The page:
Another fun example for you: take a moment to guess the American city with the highest per-capita number of millionaire households. Which city is #1?
I wonder how many of you guessed Los Alamos, NM? Here’s a photo I made of Los Alamos on a recent trip to the @TK:science museum. Doesn’t seem much like the city that contains a lot of millionaires, does it?
Before you feel good or bad about how accurate your mental model of the world of millionaires is, notice that I used the word city. If I’d used the word metro area in my question, then the New York metro area becomes the #1 per capita concentration of millionaires, which is what I bet most of you guessed. This points out another important aspect of measurement: how you define the thing you are measuring (where are the edges? What’s in and what’s outside of those edges?) matters quite a lot.
Source: https://www.phoenixmi.com/learn/do-you-live-among-millionaires/ (also: https://web.archive.org/web/20190418124333/https://www.lamonitor.com/content/los-alamos-ranked-highest-wealthy-households)
A final example: for years, the foundation of my revenue model was selling educational services to self-employed tech people, primarily software developers and indie consultants. From my perspective at that time, most self-employed tech people I knew invested hundreds or thousands of dollars per year in their professional development (this is a form of sample bias, which I’ll discuss in the next chapter). I ran a SSR project to answer the question: how do self-employed software developers invest in their career? (Yes, maybe I should have thought to pose this question before building a services business around it… :) ) Here’s what my SSR uncovered:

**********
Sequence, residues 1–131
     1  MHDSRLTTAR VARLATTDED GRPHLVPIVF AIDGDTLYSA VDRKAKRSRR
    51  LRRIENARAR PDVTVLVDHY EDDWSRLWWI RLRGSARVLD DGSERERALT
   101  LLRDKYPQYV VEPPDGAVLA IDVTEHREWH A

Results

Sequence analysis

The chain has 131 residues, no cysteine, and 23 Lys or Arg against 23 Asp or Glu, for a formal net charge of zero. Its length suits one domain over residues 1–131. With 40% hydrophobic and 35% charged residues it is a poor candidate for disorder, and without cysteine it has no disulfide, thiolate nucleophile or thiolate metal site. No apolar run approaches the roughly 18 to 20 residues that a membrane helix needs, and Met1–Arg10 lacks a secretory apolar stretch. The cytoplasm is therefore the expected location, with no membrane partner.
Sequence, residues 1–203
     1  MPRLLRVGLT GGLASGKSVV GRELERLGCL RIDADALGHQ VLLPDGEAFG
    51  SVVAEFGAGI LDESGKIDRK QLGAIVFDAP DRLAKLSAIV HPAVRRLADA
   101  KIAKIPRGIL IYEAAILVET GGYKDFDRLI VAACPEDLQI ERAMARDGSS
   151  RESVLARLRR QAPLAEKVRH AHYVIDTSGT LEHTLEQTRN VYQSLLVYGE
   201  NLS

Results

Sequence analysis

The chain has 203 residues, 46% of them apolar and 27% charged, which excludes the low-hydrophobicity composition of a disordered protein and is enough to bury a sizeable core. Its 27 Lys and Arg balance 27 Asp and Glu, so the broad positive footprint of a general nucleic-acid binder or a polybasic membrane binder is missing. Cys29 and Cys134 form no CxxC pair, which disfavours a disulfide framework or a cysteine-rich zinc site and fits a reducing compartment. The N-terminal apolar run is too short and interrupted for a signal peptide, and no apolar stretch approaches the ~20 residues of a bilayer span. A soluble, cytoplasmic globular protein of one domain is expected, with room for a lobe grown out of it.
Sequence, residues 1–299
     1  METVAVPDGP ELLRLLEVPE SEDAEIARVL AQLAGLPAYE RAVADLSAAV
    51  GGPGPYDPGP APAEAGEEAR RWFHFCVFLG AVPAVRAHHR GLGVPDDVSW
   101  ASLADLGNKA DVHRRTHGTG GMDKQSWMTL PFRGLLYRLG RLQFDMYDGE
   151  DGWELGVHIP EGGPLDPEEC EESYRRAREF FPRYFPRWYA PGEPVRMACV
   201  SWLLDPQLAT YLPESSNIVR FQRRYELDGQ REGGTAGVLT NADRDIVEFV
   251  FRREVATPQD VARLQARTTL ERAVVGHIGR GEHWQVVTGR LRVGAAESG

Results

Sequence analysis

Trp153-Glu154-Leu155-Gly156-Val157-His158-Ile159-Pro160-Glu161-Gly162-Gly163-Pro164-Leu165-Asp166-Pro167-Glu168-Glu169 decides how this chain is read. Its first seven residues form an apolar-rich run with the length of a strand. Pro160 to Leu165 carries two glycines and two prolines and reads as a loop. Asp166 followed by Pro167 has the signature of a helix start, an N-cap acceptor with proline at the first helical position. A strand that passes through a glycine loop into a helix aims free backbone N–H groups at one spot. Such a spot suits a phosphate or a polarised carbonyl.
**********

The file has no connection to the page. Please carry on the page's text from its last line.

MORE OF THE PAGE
My study participants – self-employed software developers – strongly prefer individual, asynchronous learning styles (books and courses, primarily) over group, synchronous styles (realtime courses or mentoring). IRL conferences are the primary exception to this pattern. New business opportunity for this group comes from relationships (networking and past clients), paying attention to changes in the market, and persistence in pursuing opportunity.
In other words, the prevalence of the kind of people who would eagerly pay for the services my business sold was very low. A small niche of a huge market is not necessarily a too-small market, but having a somewhat more accurate mental model of the market I was selling to would have been advantageous.